Coffee prices boost market but drive away consumers, report

By Lorraine Heller

- Last updated on GMT

Related tags Coffee

Coffee sales in the US have seen strong growth over the past five
years, although the increases are a result of higher prices rather
than higher volumes, according to a report by Mintel, which reveals
that the category is threatened by competition from other sectors.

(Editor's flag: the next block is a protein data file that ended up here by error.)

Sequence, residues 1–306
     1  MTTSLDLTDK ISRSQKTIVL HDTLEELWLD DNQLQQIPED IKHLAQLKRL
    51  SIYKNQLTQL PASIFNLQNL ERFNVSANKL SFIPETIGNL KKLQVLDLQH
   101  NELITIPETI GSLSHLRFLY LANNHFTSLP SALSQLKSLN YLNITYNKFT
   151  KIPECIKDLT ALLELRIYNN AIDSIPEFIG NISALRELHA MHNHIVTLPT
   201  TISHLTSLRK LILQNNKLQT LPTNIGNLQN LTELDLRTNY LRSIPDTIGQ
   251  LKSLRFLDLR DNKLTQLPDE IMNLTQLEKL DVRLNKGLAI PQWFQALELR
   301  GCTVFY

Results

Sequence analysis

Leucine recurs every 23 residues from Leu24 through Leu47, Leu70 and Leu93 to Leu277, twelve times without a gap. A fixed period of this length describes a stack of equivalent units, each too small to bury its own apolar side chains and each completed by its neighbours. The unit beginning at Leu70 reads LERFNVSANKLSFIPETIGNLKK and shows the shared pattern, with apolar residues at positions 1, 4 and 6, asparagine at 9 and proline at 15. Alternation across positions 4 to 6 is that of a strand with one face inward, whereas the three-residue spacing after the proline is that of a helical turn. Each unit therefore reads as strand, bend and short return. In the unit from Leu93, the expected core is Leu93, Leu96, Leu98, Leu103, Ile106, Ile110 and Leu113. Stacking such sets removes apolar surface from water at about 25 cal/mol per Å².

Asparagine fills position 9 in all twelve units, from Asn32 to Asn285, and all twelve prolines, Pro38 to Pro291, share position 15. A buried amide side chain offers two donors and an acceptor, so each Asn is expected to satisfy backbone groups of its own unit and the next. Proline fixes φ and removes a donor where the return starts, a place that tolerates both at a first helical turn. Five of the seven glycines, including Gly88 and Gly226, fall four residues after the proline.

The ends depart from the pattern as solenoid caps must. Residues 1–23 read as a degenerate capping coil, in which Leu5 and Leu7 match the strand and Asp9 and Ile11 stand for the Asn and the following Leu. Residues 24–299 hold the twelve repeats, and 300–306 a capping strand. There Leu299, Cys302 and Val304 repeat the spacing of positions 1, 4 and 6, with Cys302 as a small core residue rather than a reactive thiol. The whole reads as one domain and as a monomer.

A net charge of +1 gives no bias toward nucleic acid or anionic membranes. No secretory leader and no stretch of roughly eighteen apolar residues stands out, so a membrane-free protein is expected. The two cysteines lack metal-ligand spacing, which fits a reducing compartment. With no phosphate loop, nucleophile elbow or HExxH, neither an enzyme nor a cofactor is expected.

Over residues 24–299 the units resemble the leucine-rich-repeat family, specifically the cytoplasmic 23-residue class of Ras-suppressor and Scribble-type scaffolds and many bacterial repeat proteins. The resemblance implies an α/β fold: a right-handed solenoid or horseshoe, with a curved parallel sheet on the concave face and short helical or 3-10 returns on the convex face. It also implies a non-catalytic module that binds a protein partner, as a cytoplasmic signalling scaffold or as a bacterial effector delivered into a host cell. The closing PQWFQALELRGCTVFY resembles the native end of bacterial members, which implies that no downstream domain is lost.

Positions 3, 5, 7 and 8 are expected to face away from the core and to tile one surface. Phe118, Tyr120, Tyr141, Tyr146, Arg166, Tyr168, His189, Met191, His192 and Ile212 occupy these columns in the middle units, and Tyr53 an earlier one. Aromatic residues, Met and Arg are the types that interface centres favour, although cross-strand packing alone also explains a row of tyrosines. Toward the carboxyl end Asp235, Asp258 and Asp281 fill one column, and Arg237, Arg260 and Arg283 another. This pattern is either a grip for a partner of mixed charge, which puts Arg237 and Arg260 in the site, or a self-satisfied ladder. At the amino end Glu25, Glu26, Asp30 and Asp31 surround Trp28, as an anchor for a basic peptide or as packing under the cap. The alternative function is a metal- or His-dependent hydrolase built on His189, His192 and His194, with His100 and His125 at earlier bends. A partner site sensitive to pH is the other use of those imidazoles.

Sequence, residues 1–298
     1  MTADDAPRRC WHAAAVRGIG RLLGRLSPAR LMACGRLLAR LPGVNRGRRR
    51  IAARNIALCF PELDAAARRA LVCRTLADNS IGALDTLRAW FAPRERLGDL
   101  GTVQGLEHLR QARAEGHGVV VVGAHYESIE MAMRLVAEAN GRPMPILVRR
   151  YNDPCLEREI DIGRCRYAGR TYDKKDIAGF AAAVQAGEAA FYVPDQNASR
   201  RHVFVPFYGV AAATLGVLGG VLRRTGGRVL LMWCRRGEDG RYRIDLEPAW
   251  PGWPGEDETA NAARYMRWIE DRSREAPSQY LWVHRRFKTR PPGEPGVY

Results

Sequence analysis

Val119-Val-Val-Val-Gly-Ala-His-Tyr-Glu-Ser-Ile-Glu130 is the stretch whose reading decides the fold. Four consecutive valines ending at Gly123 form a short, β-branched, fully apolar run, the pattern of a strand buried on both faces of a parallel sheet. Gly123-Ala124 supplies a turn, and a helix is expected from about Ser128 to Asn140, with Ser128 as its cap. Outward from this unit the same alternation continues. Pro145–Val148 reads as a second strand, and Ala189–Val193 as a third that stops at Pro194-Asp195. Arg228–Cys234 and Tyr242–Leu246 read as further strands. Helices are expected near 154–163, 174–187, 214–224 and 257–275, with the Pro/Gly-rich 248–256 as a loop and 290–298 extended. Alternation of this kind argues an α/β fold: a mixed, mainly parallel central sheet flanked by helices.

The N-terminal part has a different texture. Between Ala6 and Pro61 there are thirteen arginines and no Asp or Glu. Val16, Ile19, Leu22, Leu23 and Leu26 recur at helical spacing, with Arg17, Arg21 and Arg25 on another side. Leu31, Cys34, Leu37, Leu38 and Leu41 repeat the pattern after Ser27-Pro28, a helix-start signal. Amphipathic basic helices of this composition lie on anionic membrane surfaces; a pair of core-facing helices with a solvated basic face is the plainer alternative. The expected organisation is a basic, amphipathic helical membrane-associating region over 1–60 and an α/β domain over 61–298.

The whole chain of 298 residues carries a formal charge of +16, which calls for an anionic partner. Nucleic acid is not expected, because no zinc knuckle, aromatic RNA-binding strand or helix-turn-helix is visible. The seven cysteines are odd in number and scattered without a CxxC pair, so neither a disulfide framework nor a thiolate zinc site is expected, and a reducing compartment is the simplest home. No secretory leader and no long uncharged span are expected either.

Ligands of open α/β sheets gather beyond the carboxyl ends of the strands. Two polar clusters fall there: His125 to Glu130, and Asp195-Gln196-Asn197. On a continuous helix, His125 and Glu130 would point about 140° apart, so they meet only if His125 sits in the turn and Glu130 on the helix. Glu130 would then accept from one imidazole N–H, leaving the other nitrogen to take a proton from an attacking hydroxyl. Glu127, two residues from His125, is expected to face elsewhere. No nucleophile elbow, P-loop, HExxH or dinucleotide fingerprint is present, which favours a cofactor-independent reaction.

Without price hikes, which increased almost 30 percent since 2002, "sales trends would be in serious trouble,"​ said Mintel. Sales in all retail channels grew 36 percent to $6.5bn, but volume sales declined nine percent, or 60m pounds during 2002-2007. Challenges facing the category include competition from coffeehouses, as well as competition from other beverage segments, such as energy drinks. However, according to Mintel's Coffee - US - September 2007​ report, a benefit to be had from more frequent consumer visits to coffeehouses is that this has driven their exposure to more premium brands, which is emerging as a factor for growth within the market. However, supermarkets have not yet followed with this trend, and one fifth of consumers report purchasing premium coffee from coffeehouses for use at home. One leading brand that has picked up on the move is Folgers, which last year launched a gourmet selection in eight varieties, prices at $6.39 per pound. Beyond a growing taste for premium coffee, consumers are also attracted by fair trade and sustainable coffee. According to the report, the retail sales of fair-trade coffee grew nearly ten times from less than $50m in 2000 to around $500m in 2005. Taste came out as the most important factor for consumers, with 74 percent of respondents to Mintel's survey citing taste as the reason they drink coffee. Some 64 percent said they drink coffee as a way to wake up in the morning. Nearly half of respondents said they use it as a way to get an energy boost, while one fifth said they use it to improve concentration. High prices and health concerns remain the primary reasons for consumers trying to drink less coffee, which prompted Mintel to suggest that marketers are not adequately communicating the health benefits of the beverage to consumers. Some examples of innovation in the industry that have contributed to growth include the launch of stomach-friendly coffee by Proctor & Gamble (Folgers Simply Smooth), which generated $8m in sales in 2006. In addition, single serve coffee makers and pods brands Senseo and Home Café together grew 511 percent to $28m in dollar sales during 2004-2006. According to Mintel's research, 78 percent of American adults report drinking coffee, which the firm says leaves room for growth in the market, especially considering that carbonated drinks are consumed by 88 percent of adults. Most people report drinking two cups of coffee per day, and those most likely to drink more are consumers over 35, especially 'baby boomers'. The market is dominated by two major manufacturers, Kraft and Proctor & Gamble. Kraft accounted for 31 percent of the market in 2006, with its main brands being Starbuck's, Seattle's Best and Maxwell House. P&G's Folgers continued to be the top selling ground coffee brand, said Mintel. The report examines four major coffee segments: ground, instant, whole bean and ready-to-drink. It forecasts that overall US sales of coffee will increase 35 percent at current prices from 2007 to 2012.

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